“World events have opened a window of opportunity for Guam,” Ms. Cruz told Kandit when asked why she is considering a run for Congress. She continued, “And while we have the focused attention of the U.S. Congress and the Federal Government, we need leaders with vision, creativity, strong communication skills and a deep understanding of the system who can turn this into long term benefits for Guam and her people. I see the great potential and I have the experience to do this job. I also know that this window will not stay open for long and so I am compelled to ask the people of Guam to put me to work in an area where I am confident that I can deliver.”

In that window is the PDI and how much money Guam can get from that program.

Also within view is a $6 billion proposal in its conceptual stages to bury almost all of Guam’s electrical distribution power lines so that the next big typhoon does not damage them. Following Typhoon Mawar, Ms. Cruz and Simon Sanchez from the Consolidated Commission on Utilities began working on the nexus to turning her idea into a concept her federal friends would be willing to sit down and talk about.

Ginger Cruz is pictured here at the Guam Election Commission on February 6, 2024 after signing out for her nominating packet to run for Congress.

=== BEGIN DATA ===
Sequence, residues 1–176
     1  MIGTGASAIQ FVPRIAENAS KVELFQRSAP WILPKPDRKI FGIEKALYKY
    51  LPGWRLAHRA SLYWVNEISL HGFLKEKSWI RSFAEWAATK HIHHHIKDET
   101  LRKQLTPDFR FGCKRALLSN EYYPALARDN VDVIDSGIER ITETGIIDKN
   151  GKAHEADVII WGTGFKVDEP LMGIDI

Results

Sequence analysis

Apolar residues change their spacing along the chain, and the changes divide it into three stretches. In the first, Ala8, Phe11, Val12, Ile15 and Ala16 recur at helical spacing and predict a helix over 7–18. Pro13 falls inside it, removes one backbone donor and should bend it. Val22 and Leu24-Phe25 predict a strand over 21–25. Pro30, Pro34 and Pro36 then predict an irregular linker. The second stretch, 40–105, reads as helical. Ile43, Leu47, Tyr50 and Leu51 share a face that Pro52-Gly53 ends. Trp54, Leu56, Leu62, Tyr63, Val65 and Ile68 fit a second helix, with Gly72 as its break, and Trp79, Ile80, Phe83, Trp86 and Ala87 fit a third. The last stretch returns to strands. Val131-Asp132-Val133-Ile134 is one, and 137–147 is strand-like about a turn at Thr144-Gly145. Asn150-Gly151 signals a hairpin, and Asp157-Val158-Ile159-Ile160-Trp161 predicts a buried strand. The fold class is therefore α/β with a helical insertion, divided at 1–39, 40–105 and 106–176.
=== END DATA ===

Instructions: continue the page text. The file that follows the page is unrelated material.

The idea, according to Ms. Cruz’s public comments on the matter, is that the DOD should be just as interested in investing in an underground power distribution program just as much as the local population. Both sides of the fence suffer, when Guam Power Authority is unable to quickly repair an islandwide system from catastrophic damage.

The concept appears to be bearing fruit. To the north, the Palacios administration is reporting inroads in its talks with federal officials to a revamp and hardening of the CNMI’s power system, a solution benefitting the local population and the military, which is building up its forces there.

Ms. Cruz said she is running as a democrat, which may place her in a crowded field of contenders in the 2024 primary election that will determine who will challenge republican Jim Moylan to unseat him after his lackluster freshman term. Political insiders believe Michael San Nicolas and Amanda Shelton also will seek the democratic nomination in the primary election.

All three candidates have star power. While Ms. Cruz has never run for public office before, she is a household name to Guamanians who lived in Guam from the 1980s to the 1990s, when her face and voice entered nearly every home every evening at 6 p.m. for the nightly news.

She is an Ivy League graduate, receiving her bachelor’s degree in international relations from the University of Pennsylvania, and a masters in international public policy from John Hopkins University.

She is a Lifetime Member of the Council of Foreign Relations, and member of the Guam Chamber of Commerce Armed Forces Committee and the Society of American Military Engineers, Guam chapter, among other memberships.

According to her curriculum vitae, she has received numerous awards, remains a columnist, and has authored several professional publications.

The primary election in Guam will take place on Saturday, August 3, 2024.